Sutcliffe makes a big impression with this handsome introduction to one of Western civilization’s most iconic sculptures.
When the young artist was summoned from Rome back to his native Florence, he was commissioned to take on a work of heroic proportions. This sculpture of the Old Testament hero David was to symbolize Florentine strength and civic virtue. Michelangelo requested “the giant”–an immense block of creamy marble that had been languishing for over 40 years. Sutcliffe limns the lively details of this multiyear project, and her tale of Michelangelo’s talent and industry is considerably enhanced by the thoughtful pen, ink and watercolor work of British illustrator Shelley. He makes the finely modeled realism of the statue the real standout here. (Yes, there are a few views of David in full frontal splendor.) Shelley wondrously juxtaposes this cool, nuanced marble hero with a crowded city, brimming with the bright colors and lively action of Renaissance book illuminations. Backmatter includes an author’s note and a brief bibliography (mostly adult titles, no online resources). Sadly missing? An artist’s note to help curious readers place all the highly researched imagery and background in more complete artistic, historic and geographic context.
Still, this is a handsome offering that helps youngsters understand both an artist’s process and how this stunning statue became the enduring symbol of a city and its people.
Renaissance icon and one of the most towering (in more ways than one) of Western civilization’s artworks gets a humorous but respectful, down-to-earth, and easy-to-understand treatment. Readers learn that the city fathers always intended to have a statue of David carved, as a symbol of the small but powerful city, but that their plan wasn’t so simple. Many earlier attempts had come to naught, with even Leonardo da Vinci passing on the idea. Fortunately for Florence–-and posterity–-Michelangelo was persuaded to return from Rome and began his painstaking sculpting, bringing forth his giant almost three years later, in 1504. This well-written, lively account is graced with excellent illustrations, rendered in pen-and-ink and painted with watercolors, that truly convey a Renaissance Italian flavor; there’s even an image of Michelangelo’s sketches for the statue with a poem he wrote about it. Readers should note that David’s frontal nudity is discreetly concealed for the most part, but there is one scene in which the piece is shown from the front, completely uncovered, and another illustration depicts the statue’s bare backside. A helpful author’s note and bibliography conclude the book, though the note fails to reveal that David is now housed in the Accademia Gallery in Florence, and the bibliography includes mostly outdated resources and none that seem geared to young readers. Highly recommended for all public and school libraries and especially recommended for units on the Italian Renaissance and in art classes in the middle to upper-elementary grades.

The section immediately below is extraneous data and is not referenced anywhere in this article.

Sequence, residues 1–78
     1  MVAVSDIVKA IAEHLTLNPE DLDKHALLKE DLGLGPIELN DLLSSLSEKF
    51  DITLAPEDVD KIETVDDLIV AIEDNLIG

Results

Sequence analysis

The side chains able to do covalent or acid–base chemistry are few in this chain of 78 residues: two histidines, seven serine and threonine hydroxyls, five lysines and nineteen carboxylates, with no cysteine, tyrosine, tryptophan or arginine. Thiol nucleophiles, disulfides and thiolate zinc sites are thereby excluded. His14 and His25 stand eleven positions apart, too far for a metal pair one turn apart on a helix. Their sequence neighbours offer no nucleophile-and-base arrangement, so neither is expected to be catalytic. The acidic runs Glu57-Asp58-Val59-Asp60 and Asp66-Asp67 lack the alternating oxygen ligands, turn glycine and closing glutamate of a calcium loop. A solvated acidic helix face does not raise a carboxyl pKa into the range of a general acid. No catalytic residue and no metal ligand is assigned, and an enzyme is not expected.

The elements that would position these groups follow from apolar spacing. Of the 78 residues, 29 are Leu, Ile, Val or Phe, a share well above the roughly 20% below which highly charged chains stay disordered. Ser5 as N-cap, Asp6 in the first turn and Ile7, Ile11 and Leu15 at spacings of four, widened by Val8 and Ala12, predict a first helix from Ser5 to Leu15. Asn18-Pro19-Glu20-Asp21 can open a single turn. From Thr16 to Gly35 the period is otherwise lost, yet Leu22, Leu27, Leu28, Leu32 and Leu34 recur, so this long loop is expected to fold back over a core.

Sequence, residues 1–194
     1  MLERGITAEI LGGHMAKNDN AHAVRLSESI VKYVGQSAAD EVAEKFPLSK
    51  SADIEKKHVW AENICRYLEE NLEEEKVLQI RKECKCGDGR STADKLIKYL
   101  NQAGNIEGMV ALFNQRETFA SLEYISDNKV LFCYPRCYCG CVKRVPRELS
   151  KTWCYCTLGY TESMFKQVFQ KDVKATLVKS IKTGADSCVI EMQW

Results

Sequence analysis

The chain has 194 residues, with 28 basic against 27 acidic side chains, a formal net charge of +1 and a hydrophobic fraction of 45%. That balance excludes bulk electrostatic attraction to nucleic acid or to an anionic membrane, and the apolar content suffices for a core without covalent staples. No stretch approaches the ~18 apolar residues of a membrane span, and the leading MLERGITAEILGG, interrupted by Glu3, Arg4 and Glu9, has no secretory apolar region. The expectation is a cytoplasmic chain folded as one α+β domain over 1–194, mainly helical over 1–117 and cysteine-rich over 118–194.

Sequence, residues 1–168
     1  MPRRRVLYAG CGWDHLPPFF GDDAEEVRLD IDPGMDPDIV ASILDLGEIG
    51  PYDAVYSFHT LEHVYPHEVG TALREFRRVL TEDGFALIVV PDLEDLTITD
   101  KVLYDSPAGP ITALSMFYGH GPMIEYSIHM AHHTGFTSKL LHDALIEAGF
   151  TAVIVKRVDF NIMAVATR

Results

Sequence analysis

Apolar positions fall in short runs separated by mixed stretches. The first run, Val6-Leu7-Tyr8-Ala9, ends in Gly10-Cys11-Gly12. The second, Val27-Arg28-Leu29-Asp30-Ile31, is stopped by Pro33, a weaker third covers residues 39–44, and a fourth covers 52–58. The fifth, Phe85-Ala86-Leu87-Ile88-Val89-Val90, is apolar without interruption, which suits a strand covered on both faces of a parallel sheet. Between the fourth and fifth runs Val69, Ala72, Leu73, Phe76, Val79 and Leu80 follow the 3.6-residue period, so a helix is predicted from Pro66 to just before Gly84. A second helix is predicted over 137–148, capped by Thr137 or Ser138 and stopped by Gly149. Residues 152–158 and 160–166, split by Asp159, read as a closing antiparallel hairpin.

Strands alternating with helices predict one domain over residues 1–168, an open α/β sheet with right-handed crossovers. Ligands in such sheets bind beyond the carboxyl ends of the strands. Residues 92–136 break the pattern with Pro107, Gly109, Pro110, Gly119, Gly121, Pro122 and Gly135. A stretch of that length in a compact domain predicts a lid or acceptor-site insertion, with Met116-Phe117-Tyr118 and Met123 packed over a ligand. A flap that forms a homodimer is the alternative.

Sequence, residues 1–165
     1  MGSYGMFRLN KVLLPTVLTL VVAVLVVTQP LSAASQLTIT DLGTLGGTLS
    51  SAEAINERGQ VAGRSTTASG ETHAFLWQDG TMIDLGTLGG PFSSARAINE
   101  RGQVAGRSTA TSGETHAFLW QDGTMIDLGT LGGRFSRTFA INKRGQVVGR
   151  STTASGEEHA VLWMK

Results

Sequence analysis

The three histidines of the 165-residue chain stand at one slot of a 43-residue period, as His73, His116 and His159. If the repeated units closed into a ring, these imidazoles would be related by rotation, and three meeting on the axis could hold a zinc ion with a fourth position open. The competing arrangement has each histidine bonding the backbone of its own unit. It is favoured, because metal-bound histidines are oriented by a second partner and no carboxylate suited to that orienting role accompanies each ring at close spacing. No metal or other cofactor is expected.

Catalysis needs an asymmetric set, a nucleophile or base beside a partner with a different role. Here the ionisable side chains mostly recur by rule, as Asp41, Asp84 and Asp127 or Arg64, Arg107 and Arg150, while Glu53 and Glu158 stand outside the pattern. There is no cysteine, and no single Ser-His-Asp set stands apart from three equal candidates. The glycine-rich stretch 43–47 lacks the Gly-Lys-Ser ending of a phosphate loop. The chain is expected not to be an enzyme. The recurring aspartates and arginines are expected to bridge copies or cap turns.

—School Library Journal
It seemed like a great idea—a massive statue of Biblical giant-slayer David that would grace fifteenth-century central Florence and symbolize her power among surrounding contentious kingdoms. Unfortunately nobody, not even the redoubtable Leonardo, could pull off the project initially, until finally twenty-six-year-old Michelangelo Buonarroti took on the challenge. Sutcliffe presents a streamlined but lively description of the artist’s work process, from building a workroom around the enormous slab of abandoned and eroding marble, to Michelangelo’s renowned method of chipping away all the “not-David” material until the figure emerged, to the onerous task of hauling and installing the creation in its presumably permanent location. At this point, knowledgeable prospective book purchasers are asking the obvious question: “So, just how much David is on view?” Well, ultimately, all of him. However, Shelley manages to keep the statue under wraps via strategically placed models and scaffolding until the glorious full-frontal reveal, thus also helping to keep the picture-book audience attentive and under control until they share with the Florentines themselves an inevitable gasp of amazement. Figures of Michelangelo and the Florentine citizens are touched with humor, while in contrast the statue retains its gravitas. Text boxes are encased in embellished framing and the city unfolds in the foreshortened perspective of medieval painting. An author’s note provides extra information about subsequent alterations to the statue and its eventual removal indoors; a bibliography of adult resources is also included. Every veteran librarian knows what happens when a child with a marker meets a book with a naked guy, so perhaps it’s wise to purchase an extra backup copy.
—The Bulletin of the Center for Children’s Books